At his home on the east side of Detroit, Frank James is meeting with Rickey Wright, a community health worker with Partners 4 Health. Frank needs a kidney transplant. He also has diabetes, high blood pressure and other health challenges. Frank is 54.
“I felt like there was a ticking time-bomb in my body when the doctors told me my kidneys were bad,” Frank tells Rickey. “I started to cry and asked them if I was going to die. I felt hopeless because I had no knowledge about what to do next.”
“That’s why I’m here,” Rickey replies, “to take some of the stress off of you and support your plan to get better.”
Rickey proceeds to advise Frank about bringing his blood pressure down, improving his diet and losing weight. Rickey recommends a food pantry that Frank can use when he is short of money near the end of the month. Rickey also inquires about Frank’s next primary care appointment, which Rickey will attend to help coordinate care.
Frank is grateful for Rickey’s involvement and that of the Partners 4 Health nurse who had come to his home, comprehensively assessed his needs and situation, reviewed and reconciled his medications, and helped him set goals for healthier living.
“You guys have been nothing but helpful,” Frank says to Rickey.
It’s been a year since Partners 4 Health began its outreach and holistic work with high-risk patients, and the initial results are promising in improving the health and reducing the healthcare costs for these vulnerable individuals.
“When someone allows you into the place they live, their intimate and personal space, it is privilege and a unique opportunity to build trust and understand them as a whole person, their strengths and challenges, and to assist them in achieving a better and healthier future,” says Contessa Rudolph, program manager for Partners 4 Health.
Partners 4 Health (P4H) is a partnership of four leading human service agencies in Wayne and Oakland counties: Common Ground, Neighborhood Service Organization, Oakland Family Services and Southwest Solutions, which is the lead partner. P4H is based on model of cooperative care developed by by Dr. Jeffrey Brenner, founder of the Camden Coalition of Healthcare Providers.
P4H serves patients in the tri-county area. They are referred by Total Health Care and have been identified as high-risk because they have multiple chronic conditions, often combined with behavioral health issues and socio-economic challenges. P4H data indicates that the referred patients have been diagnosed with an average of four chronic illnesses.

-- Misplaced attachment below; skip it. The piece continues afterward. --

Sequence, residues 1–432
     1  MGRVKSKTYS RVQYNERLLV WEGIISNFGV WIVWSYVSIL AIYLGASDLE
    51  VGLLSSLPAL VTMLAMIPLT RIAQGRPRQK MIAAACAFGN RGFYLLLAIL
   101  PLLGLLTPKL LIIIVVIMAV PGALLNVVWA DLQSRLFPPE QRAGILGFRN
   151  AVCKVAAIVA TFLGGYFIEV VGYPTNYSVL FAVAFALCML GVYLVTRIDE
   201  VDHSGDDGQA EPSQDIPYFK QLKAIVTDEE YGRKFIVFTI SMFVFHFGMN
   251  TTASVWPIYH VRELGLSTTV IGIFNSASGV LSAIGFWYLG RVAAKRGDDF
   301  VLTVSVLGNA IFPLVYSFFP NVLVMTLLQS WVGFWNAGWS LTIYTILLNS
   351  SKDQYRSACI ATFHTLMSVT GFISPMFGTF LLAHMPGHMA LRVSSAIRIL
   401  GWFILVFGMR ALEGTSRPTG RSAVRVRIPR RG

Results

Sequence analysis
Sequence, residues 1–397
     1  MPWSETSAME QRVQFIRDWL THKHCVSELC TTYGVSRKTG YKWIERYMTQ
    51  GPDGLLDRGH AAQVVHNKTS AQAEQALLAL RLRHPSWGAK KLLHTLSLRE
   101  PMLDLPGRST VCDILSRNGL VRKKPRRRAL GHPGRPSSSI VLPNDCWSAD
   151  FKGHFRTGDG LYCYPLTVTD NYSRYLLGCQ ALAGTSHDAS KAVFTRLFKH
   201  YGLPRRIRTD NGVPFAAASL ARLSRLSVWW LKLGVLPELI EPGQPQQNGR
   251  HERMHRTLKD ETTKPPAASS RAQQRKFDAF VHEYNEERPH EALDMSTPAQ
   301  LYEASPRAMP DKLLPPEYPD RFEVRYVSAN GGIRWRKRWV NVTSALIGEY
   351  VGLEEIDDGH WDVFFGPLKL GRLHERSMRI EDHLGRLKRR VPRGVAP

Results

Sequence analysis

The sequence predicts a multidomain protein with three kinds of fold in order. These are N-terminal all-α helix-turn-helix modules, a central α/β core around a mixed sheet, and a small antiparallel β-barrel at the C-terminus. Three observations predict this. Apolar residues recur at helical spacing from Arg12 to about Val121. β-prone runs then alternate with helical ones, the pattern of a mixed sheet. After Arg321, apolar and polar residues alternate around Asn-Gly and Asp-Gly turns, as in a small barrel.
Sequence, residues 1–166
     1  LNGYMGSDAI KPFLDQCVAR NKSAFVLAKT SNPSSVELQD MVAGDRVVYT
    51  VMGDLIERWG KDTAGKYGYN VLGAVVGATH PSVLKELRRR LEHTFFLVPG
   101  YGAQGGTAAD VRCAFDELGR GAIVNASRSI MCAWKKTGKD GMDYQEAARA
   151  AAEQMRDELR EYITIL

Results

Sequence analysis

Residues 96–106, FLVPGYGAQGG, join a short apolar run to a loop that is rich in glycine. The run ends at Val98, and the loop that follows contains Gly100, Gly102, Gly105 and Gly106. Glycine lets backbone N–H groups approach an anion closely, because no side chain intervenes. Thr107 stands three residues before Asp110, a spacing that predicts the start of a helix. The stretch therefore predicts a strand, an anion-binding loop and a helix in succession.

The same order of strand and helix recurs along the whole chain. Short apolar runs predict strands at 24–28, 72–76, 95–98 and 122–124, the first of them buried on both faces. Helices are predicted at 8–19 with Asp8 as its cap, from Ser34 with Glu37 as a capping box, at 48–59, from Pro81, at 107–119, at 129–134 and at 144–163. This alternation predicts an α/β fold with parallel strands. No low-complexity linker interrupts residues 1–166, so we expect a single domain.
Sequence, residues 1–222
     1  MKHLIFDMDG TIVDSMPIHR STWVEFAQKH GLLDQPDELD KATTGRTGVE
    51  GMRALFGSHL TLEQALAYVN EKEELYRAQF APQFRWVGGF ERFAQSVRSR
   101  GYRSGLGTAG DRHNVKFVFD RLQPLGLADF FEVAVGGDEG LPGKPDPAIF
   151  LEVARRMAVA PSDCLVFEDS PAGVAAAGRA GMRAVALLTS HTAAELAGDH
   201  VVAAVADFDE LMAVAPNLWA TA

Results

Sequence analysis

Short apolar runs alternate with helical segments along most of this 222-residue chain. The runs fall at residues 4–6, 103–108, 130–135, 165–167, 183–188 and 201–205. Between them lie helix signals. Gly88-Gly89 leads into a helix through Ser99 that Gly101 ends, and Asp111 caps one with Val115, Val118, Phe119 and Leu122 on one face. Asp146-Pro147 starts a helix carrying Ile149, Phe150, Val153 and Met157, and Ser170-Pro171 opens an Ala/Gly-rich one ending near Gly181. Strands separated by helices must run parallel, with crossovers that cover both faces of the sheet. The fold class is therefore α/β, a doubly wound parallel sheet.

P4H has reviewed the data from the first 100 patients in the program. At the start and end of their participation, patients fill out a detailed, industry-standard survey called the Patient Activation Measure (PAM). The P4H participants increased their PAM scores by an average of four points. Each point increase is significant because it is scientifically shown to correlate with an increase in “patient activation,” an increase in proper medication use, and a decrease in ER visits and hospitalization. Patient activation refers to the knowledge, skills and confidence the individual has in managing their own health and care.
It is evident that P4H is making a real difference in the lives of the patients it is serving.
P4H is contracted to interact with each patient regularly for 13 weeks. The average patient participates in the program for 110 days. Currently, about 60% of the patients reside in Detroit. There are staff positions for three community health workers, and each will eventually carry a caseload of about 30 patients.
Community health worker Rickey Wright is acutely attuned to the health challenges of the patients he is seeing. Rickey is a veteran who served as an emergency room physician in the Air Force. After his service, Rickey had a successful medical practice before suffering a devastating illness and then near-fatal accident. Rickey endured a bout of homelessness until he moved into Southwest Solutions’ Piquette Square for Veterans, where he still resides.
“Working for Partners 4 Health is an extraordinary opportunity for me to resume my work in healthcare in a very human and patient-centered way,” Rickey says. “Undoubtedly, it will make me a better doctor when I’m re-licensed and am able to practice again.”